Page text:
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October 1957

The Effects of Molar Sodium Lactate in Reversing the Cardiotoxic Effect of Hyperpotassemia

Author Affiliations


Director, Division of Cardiology, Philadelphia General Hospital, and Director, Division of Cardiovascular Disease, Graduate Hospital of the University of Pennsylvania (Dr. Bellet); Fellow of the American Heart Association, Philadelphia General Hospital, and Instructor in Cardiology, University of Pennsylvania Graduate School of Medicine (Dr. Wasserman).

AMA Arch Intern Med. 1957;100(4):565-581. doi:10.1001/archinte.1957.00260100049007

The subject of hyperpotassemia has assumed considerable importance in recent years. An excess of potassium produces profound disturbances in the organism in general and the heart in particular. The condition can be diagnosed relatively simply by clinical means, including the electrocardiogram, and may be confirmed by chemical determination. Hyperpotassemia kills primarily as a result of its cardiac effect, and this can, in most cases, be reversed by the various methods to be described below. Early recognition and prompt institution of proper therapy are of primary importance. The presence of hyperpotassemia may be said in many instances to constitute an acute cardiac emergency.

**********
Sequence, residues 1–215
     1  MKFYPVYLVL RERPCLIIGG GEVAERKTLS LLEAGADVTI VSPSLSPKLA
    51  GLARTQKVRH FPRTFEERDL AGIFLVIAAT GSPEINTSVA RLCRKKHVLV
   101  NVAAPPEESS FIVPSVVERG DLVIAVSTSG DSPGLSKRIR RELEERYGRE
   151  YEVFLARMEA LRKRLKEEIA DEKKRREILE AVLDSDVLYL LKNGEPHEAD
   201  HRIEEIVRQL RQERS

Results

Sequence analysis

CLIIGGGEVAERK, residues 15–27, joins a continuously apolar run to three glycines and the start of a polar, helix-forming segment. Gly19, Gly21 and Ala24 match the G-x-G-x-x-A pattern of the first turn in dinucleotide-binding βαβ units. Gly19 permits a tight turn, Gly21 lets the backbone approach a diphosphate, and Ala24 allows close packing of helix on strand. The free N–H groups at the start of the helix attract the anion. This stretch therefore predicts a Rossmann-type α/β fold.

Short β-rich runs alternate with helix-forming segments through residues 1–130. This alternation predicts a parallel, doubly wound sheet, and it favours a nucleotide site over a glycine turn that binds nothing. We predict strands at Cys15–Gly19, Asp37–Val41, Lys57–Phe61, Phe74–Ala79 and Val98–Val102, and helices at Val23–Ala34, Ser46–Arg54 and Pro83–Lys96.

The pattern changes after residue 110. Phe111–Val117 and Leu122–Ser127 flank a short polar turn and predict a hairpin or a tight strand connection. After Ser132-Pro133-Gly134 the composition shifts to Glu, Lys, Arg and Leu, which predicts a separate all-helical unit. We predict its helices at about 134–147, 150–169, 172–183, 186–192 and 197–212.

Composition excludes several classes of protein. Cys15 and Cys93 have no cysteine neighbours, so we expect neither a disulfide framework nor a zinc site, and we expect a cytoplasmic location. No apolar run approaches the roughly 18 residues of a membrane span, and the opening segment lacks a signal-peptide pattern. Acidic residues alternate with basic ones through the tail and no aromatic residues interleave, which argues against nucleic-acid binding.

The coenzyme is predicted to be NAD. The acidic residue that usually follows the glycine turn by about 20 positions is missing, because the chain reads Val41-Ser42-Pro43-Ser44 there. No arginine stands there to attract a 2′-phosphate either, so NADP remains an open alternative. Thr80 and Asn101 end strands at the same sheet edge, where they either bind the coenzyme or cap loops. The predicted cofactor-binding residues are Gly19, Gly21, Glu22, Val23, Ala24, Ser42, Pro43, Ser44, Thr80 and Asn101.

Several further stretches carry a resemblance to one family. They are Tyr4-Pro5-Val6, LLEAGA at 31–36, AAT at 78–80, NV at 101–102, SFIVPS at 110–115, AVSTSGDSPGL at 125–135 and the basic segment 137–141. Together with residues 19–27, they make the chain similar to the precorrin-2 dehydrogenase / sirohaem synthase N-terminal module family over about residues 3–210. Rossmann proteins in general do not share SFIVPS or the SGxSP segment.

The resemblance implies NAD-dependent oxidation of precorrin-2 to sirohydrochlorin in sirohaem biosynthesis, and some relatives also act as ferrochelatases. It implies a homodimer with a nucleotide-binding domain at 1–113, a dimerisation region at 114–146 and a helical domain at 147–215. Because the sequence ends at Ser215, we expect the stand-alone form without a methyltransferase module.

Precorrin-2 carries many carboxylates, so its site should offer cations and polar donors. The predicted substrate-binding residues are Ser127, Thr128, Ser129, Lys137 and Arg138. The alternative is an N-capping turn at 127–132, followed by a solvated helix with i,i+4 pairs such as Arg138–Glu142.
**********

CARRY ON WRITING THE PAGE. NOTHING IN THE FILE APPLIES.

The causes of hyperpotassemia include those conditions which lead to an increase in the extracellular potassium which the patient is unable to handle, generally because of renal insufficiency. The increase in extracellular potassium may be the result of the following factors: (a) increased tissue destruction, anoxia, the crush

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